The House began week eight under the Gold Dome on Monday, Feb. 26, and this week was undoubtedly the busiest week of the 2018 legislative session so far.
On Feb. 28, we reached legislative Day 28, better known as “Crossover Day.” Crossover Day is a critical deadline in the General Assembly, as it is the last day a piece of legislation can pass out of its original chamber and still remain eligible for consideration by the opposite legislative chamber. My House colleagues and I worked well past midnight on Crossover Day and passed many significant House bills for the state of Georgia. All measures that passed the House this session are now being considered by our Senate counterparts, and conversely, the House will begin to review legislation passed by the Senate.
Georgia’s economy has tremendously grown in recent years, but not all parts of the state have experienced the same level of economic success. For that reason, the House created the House Rural Development Council last session, and this session, we have prioritized legislation based on the council’s recommendations.
I had the honor of serving on this council over the past year in my role as Chairman of the Transportation Committee. Last week, we passed several important measures to benefit our rural communities and help rural Georgia prosper, such as House Bill 951, which passed overwhelmingly with bipartisan support. HB 951 would create the Center for Rural Prosperity and Innovation (CRPI) to serve as a central information and research hub for rural leadership training and best practices, including community planning models, industry-specific assistance and cooperative efforts with nonprofits, religious organizations and other higher education partners. The CRPI would be located within a college or institution of the University System of Georgia that awards Bachelor of Science degrees in rural community development, and the president of the college or institution would appoint a center director to be approved by a majority vote of the Georgia Rural Development Council.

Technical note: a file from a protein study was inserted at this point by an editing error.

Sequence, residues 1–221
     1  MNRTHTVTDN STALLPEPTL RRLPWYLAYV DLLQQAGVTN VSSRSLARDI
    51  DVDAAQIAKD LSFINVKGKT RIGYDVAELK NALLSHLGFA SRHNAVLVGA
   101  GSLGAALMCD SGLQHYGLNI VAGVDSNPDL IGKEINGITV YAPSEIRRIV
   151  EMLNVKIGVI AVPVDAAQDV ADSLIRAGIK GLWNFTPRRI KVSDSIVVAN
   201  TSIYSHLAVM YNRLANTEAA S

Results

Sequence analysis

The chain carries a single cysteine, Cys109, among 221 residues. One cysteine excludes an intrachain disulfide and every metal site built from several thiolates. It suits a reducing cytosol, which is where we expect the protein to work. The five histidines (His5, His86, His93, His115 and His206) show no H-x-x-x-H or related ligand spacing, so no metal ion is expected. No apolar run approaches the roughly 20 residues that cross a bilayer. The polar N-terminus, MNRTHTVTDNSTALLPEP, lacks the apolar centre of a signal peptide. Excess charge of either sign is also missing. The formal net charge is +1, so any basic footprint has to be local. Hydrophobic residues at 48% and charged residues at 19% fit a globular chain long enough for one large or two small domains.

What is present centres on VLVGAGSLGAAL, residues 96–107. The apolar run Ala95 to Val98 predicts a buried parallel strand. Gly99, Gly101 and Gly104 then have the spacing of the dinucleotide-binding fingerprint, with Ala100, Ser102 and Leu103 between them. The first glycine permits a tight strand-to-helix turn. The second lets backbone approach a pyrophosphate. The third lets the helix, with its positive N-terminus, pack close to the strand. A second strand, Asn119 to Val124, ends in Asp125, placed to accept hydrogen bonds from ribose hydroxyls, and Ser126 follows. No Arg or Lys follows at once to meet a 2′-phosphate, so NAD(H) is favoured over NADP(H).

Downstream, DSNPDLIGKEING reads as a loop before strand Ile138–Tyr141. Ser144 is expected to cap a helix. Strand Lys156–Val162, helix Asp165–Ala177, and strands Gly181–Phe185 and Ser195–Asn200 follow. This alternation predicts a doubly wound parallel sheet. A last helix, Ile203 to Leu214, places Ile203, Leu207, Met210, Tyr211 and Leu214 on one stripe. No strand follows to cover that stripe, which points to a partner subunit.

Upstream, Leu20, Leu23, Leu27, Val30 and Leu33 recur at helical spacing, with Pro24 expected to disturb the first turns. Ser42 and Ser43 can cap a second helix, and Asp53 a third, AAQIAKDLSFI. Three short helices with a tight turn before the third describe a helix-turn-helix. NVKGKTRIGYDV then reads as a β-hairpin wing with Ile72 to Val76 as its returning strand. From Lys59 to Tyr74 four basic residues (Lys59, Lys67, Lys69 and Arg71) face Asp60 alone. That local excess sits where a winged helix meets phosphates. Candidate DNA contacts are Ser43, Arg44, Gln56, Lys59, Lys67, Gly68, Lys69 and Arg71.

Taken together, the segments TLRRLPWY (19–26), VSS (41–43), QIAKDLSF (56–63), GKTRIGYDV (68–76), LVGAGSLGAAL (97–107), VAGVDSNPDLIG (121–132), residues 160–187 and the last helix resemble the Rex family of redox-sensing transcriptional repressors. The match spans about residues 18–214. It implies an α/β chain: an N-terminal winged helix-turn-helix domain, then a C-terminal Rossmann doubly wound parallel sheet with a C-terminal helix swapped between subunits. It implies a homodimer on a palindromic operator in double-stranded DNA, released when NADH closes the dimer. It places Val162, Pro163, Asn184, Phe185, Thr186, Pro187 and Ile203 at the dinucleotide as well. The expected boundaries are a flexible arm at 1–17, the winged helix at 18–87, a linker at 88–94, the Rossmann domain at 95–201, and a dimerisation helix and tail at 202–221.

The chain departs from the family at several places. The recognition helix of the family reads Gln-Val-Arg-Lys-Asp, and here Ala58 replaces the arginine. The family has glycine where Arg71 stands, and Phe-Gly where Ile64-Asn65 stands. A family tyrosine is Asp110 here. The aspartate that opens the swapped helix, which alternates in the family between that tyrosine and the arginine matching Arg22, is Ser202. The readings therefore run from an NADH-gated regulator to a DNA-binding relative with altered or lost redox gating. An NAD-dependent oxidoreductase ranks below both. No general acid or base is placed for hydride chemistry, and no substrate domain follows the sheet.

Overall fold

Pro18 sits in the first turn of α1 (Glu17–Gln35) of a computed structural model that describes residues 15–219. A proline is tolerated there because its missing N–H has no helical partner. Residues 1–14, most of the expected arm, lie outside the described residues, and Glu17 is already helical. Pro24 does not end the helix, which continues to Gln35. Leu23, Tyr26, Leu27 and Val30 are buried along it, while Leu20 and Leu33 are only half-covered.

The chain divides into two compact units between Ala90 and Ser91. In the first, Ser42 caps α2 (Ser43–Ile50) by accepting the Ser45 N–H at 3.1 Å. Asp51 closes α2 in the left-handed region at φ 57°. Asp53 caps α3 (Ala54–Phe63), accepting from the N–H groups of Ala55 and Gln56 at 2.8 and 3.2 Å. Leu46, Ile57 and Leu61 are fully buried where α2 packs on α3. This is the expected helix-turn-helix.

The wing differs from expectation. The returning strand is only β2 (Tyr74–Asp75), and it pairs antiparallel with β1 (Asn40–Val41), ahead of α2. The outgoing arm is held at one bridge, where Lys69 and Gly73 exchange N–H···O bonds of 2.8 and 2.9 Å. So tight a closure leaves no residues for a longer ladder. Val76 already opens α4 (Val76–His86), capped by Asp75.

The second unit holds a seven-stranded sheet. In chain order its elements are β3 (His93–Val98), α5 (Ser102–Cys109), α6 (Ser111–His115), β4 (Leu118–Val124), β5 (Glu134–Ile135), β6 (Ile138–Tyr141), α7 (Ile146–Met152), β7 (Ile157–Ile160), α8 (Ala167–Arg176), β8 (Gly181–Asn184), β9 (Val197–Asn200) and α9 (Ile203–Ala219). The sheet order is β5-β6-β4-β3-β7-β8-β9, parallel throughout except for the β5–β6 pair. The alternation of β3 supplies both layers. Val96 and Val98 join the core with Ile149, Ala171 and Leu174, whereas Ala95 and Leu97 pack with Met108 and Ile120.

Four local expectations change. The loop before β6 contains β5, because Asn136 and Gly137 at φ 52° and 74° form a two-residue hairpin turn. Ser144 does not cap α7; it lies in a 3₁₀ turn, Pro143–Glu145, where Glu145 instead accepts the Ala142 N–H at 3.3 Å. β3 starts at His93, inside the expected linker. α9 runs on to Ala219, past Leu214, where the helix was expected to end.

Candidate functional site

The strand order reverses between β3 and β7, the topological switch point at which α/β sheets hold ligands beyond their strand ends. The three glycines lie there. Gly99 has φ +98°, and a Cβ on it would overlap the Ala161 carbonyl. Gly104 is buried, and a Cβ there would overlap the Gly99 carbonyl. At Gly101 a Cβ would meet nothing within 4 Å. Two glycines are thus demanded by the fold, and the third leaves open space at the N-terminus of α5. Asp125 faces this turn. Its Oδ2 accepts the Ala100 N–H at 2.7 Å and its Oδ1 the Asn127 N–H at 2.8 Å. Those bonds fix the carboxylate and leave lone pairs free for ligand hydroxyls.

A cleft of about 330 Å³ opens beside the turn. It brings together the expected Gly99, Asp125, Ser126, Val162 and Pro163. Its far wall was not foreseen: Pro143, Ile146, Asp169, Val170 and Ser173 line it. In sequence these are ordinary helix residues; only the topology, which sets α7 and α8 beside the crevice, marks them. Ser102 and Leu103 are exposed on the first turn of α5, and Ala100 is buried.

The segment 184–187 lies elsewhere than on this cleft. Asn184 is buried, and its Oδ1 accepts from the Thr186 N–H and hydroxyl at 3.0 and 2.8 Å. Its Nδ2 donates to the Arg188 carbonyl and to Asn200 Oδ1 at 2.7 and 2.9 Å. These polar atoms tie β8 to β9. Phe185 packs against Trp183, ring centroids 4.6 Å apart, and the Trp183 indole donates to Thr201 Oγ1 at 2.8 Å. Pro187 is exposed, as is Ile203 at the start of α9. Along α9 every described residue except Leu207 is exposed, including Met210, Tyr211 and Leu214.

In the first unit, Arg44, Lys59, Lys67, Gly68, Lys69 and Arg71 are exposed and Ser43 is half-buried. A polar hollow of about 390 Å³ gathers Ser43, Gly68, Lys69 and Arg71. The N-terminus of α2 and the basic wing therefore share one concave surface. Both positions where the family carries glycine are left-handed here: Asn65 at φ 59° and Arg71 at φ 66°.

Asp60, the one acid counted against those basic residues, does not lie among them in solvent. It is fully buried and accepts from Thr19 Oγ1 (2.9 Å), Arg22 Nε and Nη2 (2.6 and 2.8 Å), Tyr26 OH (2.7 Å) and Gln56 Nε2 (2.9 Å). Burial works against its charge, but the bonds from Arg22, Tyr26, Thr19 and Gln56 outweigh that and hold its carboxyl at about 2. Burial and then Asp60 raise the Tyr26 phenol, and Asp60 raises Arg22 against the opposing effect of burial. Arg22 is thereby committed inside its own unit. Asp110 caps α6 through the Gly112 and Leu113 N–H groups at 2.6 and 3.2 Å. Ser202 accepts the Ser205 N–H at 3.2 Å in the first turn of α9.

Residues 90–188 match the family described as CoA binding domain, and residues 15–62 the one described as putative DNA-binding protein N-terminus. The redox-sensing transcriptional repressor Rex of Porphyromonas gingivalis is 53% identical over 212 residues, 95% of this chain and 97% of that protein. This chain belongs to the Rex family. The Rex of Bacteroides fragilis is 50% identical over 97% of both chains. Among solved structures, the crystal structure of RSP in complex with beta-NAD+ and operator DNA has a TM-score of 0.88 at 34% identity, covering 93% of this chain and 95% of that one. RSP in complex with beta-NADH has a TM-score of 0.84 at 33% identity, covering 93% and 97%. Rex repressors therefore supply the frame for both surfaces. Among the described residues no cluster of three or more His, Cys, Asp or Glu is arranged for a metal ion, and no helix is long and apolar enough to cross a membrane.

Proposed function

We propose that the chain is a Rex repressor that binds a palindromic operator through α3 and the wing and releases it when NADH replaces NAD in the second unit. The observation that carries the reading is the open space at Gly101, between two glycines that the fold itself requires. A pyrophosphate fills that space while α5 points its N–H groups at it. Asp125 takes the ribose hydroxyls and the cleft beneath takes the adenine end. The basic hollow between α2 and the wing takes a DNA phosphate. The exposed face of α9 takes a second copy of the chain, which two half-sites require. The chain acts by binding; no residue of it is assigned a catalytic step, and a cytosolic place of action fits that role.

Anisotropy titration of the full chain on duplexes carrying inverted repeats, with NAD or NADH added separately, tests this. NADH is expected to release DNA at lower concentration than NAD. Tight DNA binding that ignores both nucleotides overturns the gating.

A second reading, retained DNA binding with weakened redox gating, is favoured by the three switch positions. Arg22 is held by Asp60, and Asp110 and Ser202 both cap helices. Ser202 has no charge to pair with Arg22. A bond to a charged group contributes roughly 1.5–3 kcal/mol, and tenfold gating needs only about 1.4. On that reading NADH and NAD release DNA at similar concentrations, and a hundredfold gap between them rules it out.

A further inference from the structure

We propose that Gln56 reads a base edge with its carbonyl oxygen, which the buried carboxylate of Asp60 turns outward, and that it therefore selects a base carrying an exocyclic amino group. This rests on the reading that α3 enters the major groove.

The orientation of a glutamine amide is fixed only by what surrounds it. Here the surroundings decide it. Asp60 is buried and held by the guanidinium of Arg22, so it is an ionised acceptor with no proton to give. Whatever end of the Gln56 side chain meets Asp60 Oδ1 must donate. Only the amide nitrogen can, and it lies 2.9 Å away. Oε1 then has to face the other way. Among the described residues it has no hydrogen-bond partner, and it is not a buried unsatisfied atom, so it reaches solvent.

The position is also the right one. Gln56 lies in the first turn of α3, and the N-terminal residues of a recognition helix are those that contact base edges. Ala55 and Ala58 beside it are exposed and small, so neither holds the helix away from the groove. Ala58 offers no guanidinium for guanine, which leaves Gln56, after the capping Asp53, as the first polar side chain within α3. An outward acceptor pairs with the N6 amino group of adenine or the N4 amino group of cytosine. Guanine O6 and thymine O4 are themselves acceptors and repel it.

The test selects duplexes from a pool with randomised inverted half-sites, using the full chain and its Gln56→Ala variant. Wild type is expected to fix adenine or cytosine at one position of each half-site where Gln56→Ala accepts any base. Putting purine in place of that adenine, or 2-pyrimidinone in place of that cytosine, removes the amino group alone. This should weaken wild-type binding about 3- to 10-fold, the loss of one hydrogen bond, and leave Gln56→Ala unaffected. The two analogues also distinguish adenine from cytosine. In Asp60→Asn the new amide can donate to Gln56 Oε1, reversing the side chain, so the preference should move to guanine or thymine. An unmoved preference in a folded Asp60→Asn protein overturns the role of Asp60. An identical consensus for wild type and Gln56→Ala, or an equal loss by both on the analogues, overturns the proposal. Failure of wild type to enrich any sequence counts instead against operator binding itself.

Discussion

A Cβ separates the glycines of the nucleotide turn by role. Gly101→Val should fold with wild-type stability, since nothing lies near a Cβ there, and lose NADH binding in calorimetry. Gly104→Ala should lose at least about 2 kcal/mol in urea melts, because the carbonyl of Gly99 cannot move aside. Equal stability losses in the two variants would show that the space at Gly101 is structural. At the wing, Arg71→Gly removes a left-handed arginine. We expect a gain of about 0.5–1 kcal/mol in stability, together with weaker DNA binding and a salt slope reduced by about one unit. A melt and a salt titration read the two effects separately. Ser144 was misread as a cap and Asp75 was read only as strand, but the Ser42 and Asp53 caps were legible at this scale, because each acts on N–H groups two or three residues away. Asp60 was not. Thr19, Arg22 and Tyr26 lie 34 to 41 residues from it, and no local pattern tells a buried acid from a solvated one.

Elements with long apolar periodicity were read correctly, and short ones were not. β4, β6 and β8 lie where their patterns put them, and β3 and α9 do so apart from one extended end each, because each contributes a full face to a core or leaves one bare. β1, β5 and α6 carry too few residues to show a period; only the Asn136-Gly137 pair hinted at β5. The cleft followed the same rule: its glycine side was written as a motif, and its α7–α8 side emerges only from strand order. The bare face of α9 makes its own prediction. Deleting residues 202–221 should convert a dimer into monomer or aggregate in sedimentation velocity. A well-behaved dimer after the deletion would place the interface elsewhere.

The 12-member Georgia Rural Development Council would offer guidance to the CRPI, as well as study the conditions, needs, issues and problems affecting rural economic development, education, unemployment and infrastructure. The center would assume the business and responsibilities of the Centers of Innovation Agribusiness administered by the Department of Economic Development, and the CRPI, the Department of Economic Development and the Department of Agriculture would collaborate as necessary to achieve the center’s mission and duties.
The bill would also designate a deputy commissioner for rural Georgia under the Department of Economic Development. This center would serve as a rural think tank, and with help from the deputy commissioner for rural Georgia, the CRPI would bring valuable resources together to come up with meaningful solutions to the challenges rural Georgia faces.
On Feb. 28 the House passed another bipartisan, rural-friendly bill that implements several recommendations from the House Rural Development Council. House Bill 887 seeks to expand broadband and other communications services throughout the state by establishing the Georgia Communications Services Tax Act. HB 887 would allow municipal corporations and electrical membership corporations (EMCs) to provide broadband service in unserved areas within its corporate limits.